A church marriage or a marriage that is presided by a Justice of the peace is what constitutes a formal marriage. An informal marriage, also known as “sui juris marriage” or, more familiarly, “common-law marriage,” is a framework wherein two individuals are legally considered married despite the absence of a formal religious service or despite not having formally registered their marriage in a religious or state registry. For their marriage to be recognized as legal, it simply requires that they: (i) agree to be married or that they consider their togetherness as a valid marriage; (ii) present themselves to others as married; and, (iii) act as they are married.

While entering into marriage in Texas may be easy, as suggested by the state’s recognition of the common-law marriage, ending it is not. As there is no such thing as “common-law divorce,” couples who want to terminate their marriage will have to file a petition for divorce or dissolution of marriage in a Texas court.

Texas recognizes two ways through which a marital union may be terminated: “no-fault” divorce and “fault” divorce. In “no-fault” divorce, a spouse petitioning for divorce simply has to tell the court that he/she and his/her spouse has differences that make their marriage unsupportable or beyond fixing. As explained by an Austin divorce lawyer, insupportability means discord or conflict of personalities that destroys the legitimate ends of the marital relationship and prevents any reasonable expectation of reconciliation. Under Texas law, divorce may be allowed on grounds of insupportability alone, without having the need to cite any other reason.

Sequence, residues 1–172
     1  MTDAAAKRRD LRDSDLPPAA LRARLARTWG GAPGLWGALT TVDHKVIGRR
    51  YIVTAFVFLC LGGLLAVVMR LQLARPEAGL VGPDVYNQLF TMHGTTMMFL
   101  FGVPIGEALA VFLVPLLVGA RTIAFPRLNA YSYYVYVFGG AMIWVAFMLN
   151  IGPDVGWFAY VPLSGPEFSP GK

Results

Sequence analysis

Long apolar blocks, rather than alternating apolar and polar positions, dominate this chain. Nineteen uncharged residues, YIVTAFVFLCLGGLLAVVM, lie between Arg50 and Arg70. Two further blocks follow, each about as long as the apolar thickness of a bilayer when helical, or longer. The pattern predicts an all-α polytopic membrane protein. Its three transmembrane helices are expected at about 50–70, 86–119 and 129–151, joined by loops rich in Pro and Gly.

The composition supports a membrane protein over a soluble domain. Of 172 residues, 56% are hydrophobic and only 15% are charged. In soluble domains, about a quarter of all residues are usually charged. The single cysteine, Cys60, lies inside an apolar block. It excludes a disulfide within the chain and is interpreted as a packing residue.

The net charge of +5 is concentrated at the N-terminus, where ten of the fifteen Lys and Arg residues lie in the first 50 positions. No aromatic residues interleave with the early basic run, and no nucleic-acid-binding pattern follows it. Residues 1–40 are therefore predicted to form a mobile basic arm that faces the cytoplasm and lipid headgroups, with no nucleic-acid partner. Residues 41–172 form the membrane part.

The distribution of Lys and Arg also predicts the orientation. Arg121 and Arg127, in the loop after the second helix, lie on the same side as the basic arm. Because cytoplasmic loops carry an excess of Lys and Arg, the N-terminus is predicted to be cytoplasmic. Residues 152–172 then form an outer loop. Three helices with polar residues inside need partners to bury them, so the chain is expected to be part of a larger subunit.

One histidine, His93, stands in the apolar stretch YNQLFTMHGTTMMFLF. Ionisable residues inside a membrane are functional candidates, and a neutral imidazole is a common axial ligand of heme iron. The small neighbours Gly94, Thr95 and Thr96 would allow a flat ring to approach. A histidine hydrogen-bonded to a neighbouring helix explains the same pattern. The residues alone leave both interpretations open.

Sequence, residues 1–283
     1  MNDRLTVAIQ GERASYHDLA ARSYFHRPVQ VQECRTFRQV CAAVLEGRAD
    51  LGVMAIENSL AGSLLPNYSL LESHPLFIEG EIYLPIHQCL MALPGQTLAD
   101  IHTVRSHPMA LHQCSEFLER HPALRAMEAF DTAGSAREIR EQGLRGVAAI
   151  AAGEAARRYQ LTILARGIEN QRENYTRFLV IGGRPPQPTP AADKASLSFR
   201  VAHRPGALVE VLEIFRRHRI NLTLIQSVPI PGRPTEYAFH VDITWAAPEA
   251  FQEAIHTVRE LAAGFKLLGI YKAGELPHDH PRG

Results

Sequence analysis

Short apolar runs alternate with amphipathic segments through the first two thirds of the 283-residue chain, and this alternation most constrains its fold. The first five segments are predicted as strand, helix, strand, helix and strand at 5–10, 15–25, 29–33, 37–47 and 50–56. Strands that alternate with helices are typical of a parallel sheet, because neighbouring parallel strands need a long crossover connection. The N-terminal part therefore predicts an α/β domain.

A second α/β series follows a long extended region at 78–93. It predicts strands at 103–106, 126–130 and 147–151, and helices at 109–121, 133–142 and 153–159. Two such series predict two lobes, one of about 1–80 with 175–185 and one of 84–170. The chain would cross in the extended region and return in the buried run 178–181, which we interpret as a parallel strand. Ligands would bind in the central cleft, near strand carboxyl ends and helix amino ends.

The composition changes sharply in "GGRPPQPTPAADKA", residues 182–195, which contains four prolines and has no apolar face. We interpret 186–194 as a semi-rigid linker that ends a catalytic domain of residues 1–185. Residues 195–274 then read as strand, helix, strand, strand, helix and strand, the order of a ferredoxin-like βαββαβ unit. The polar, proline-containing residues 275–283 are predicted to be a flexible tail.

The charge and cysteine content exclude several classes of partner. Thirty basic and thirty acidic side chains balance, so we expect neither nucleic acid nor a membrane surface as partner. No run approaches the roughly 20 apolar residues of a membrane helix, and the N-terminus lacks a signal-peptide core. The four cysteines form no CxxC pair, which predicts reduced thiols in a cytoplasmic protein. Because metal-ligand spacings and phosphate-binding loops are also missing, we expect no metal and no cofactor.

In “fault” divorce, however, a spouse filing a petition for divorce is required to cite acceptable grounds (which he/she will also have to prove in court) because of which the divorce is being sought. Acceptable grounds of divorce include: adultery; cruelty; conviction of felony with the convicted party having been imprisoned for at least one year; abandonment for at least one year; the spouses having lived apart for three years; confinement in a mental institution for three years with the mental disorder having little or no hope of recovery. While there are spouses who file for “fault” divorce in the hope of being awarded a greater share of community properties (properties and assets), others rather file on “no fault” grounds due to the possibility that a “fault” divorce may take months or a year to settle, resulting to higher court and other legal fees.